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Tuesday, January 31, 2023

Northern California repeatedly struck by intense storms and power outages

UC Davis professors and alumnus explain the weather pattern hitting the Bay Area and Central Valley

 

By BRANDON NGUYEN — science@theaggie.org 

 

To begin the new year, high-impact rainstorms have struck the northern coasts of California, leading to seemingly endless precipitation in the Bay Area and Central Valley. Daniel Swain, a climate scientist at the Institute of Environment and Sustainability at UCLA and a UC Davis alum, highlighted the unanticipated intensity of the storm despite the weather forecasts on news media in a recent blog post. 

“A strong storm on New Year’s eve brought very heavy 24-hr precipitation accumulations to a relatively narrow but highly populated swath of NorCal, from around San Francisco in the central Bay Area eastward to the Central Sierra foothills,” the blog read. “Here, some locations actually came close to (or even exceeded) all-time 24-hour precipitation records. This was pretty unexpected.”

Dr. Matthew Igel, an assistant adjunct professor in the Department of Land, Air and Water Resources at UC Davis, discussed the cause for the forecasted heavy rainfalls and flood warnings issued this past week.

The storm from a couple of days ago, forecasted for this past Wednesday [Jan. 4], was the one that was referred to as a ‘bomb cyclone’ in popular media,” Igel said. “This was, itself, a very strong storm, but I think the really interesting thing meteorologically right now is the fact that we’ve been getting repeated storms hitting California; the expectation is that we would be getting about three weeks of essentially continuous rain here in Northern California. And although we’ve had some exceptionally strong storms associated with this [rainfall], the story really is just the fact that it’s just been storm after storm after storm.”

A “Bomb cyclone,” also known as an extratropical storm, is a low-pressure system that intensifies rapidly, according to Igel. The center of the storm must meet a specific metric where its atmospheric pressure decreases at a specific rate to be classified as a “bomb cyclone,” and this type of storm typically occurs just outside of the tropics during the winter season.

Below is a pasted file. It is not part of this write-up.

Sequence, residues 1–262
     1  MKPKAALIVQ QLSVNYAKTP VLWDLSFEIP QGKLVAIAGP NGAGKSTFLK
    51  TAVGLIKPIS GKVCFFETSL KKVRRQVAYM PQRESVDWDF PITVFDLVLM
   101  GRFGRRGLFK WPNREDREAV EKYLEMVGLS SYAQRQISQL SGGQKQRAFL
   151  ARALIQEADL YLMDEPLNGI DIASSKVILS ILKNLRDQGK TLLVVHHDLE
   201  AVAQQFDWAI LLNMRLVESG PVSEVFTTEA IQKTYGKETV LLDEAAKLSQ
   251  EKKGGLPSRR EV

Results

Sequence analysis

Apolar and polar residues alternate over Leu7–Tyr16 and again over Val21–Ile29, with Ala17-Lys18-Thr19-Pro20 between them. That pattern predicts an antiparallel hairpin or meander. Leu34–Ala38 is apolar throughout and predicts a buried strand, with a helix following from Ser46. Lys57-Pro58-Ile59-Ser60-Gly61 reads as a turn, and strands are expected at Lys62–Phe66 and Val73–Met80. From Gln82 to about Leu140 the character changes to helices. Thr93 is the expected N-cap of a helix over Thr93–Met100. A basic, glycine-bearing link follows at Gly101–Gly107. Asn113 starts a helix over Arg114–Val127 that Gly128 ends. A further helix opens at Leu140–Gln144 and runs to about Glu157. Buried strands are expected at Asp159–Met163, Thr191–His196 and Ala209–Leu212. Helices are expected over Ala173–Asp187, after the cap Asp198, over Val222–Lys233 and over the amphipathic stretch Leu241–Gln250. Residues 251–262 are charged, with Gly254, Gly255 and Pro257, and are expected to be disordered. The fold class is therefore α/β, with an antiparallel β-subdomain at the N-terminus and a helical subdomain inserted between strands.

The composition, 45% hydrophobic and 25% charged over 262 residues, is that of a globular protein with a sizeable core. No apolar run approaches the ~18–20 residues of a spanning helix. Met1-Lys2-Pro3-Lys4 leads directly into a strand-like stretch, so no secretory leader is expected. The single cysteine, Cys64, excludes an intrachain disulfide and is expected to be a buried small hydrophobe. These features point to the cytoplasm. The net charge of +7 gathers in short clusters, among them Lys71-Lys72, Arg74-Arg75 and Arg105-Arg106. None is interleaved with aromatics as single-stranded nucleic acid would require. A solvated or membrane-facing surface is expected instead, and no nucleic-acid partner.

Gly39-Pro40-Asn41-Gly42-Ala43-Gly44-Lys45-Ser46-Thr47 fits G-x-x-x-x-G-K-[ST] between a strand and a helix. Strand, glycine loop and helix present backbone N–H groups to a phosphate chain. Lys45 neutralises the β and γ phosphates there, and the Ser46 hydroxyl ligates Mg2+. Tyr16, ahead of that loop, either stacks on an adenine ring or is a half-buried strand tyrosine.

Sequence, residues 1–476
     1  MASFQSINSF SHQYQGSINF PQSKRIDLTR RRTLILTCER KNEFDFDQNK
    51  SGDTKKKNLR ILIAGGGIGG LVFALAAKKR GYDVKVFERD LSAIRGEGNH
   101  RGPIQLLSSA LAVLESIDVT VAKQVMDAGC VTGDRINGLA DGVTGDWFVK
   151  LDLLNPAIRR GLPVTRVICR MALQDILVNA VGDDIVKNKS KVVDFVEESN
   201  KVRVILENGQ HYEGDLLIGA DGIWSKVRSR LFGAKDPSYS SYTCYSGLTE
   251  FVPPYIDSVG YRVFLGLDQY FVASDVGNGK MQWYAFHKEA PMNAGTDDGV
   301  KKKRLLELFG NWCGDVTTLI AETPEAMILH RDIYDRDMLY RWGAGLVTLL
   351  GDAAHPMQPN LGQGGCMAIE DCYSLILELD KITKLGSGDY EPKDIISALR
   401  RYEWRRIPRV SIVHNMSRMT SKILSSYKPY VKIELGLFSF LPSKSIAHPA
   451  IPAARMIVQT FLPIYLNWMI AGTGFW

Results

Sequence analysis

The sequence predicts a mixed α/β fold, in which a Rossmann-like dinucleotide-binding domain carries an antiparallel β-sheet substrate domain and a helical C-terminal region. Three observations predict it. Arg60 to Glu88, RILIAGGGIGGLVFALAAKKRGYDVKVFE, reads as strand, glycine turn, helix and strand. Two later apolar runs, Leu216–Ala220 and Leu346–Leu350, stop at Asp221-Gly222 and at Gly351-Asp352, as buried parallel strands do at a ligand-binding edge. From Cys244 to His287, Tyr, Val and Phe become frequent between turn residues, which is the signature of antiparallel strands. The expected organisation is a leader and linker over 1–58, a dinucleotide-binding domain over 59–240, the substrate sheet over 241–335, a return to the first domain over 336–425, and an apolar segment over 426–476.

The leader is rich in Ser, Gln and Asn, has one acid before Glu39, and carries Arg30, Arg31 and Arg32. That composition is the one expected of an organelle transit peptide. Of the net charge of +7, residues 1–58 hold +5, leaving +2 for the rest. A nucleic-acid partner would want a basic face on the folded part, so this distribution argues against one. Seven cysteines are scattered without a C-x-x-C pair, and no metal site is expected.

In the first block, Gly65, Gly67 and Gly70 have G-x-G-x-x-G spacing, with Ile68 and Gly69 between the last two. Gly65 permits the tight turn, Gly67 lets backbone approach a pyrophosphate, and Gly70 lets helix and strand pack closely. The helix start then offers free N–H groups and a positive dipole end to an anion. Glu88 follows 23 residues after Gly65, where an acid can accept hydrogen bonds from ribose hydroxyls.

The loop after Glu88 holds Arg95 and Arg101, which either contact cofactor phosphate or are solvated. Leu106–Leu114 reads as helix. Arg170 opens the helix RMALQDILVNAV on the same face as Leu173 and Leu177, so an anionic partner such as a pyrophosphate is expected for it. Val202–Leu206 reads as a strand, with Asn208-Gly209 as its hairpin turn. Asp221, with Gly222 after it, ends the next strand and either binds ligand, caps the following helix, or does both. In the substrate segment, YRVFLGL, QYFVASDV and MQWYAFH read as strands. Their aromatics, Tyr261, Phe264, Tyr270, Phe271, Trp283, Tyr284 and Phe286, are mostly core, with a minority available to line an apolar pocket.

Dr. Ian Faloona, an associate professor and bio-micrometerologist in the Department of Land, Air and Water Resources at UC Davis, explained how the bomb cyclone facilitated the heavy precipitation observed the past few days. 

“What these cyclones, or these storm systems, are doing is they’re pulling air from the warm, humid tropics, where most of the water vapor on Earth lies,” Faloona said. “And so I think of it [the bomb cyclone] like a paddle wheel that’s coming along, and they [the storm systems] move generally from west to east because of how the winds generally move in our latitudes, and a lot of times they hit the coast, bank up along it and move poleward.”

The movement of water vapor in the atmosphere is also known as an “atmospheric river,” and the circular motion of winds created by the storm systems recently have helped direct these atmospheric rivers toward the coasts of Northern California. According to Igel, California’s unique topography also plays a role in the heavy precipitation observed. The mountain ranges like the Sierra Nevada mountains cool and condense the warm water vapor into rainfall due to the higher altitude of the landscape.

“Atmospheric rivers are essentially long regions of water vapor in the air,” Igel said. “They tend to be just above your head, in the first one mile of the atmosphere, so the term ‘Pineapple Express,’ specifically, is used to describe an atmospheric river that draws its moisture from the area around Hawaii. But an atmospheric river in general is just really tapping into all of that moisture in the warm, moist tropics and bringing it up here to the west coast of California, or really, the west coast of any continent.”

Both Faloona and Igel said that they could not pinpoint just one single causal factor as to why the severe weather patterns observed and forecasted are occurring. 

“You see a lot of things that you’ve never seen before in weather, and it’s just kind of luck,” Igel said. “It’s tempting as a scientist to try to go back and really find root causes, and I’m sure that there will be some assessment in the coming years on this sequence of storms. It’s unlikely that the storms are directly due to climate change. At this point, it’s hard to describe a proximate cause other than that weather just happens, and sometimes it doesn’t happen. Winter storms are more intense to begin with, and we just happen to be at the peak intensity of storms at this time of year.”

 

Written by: Brandon Nguyen — science@theaggie.org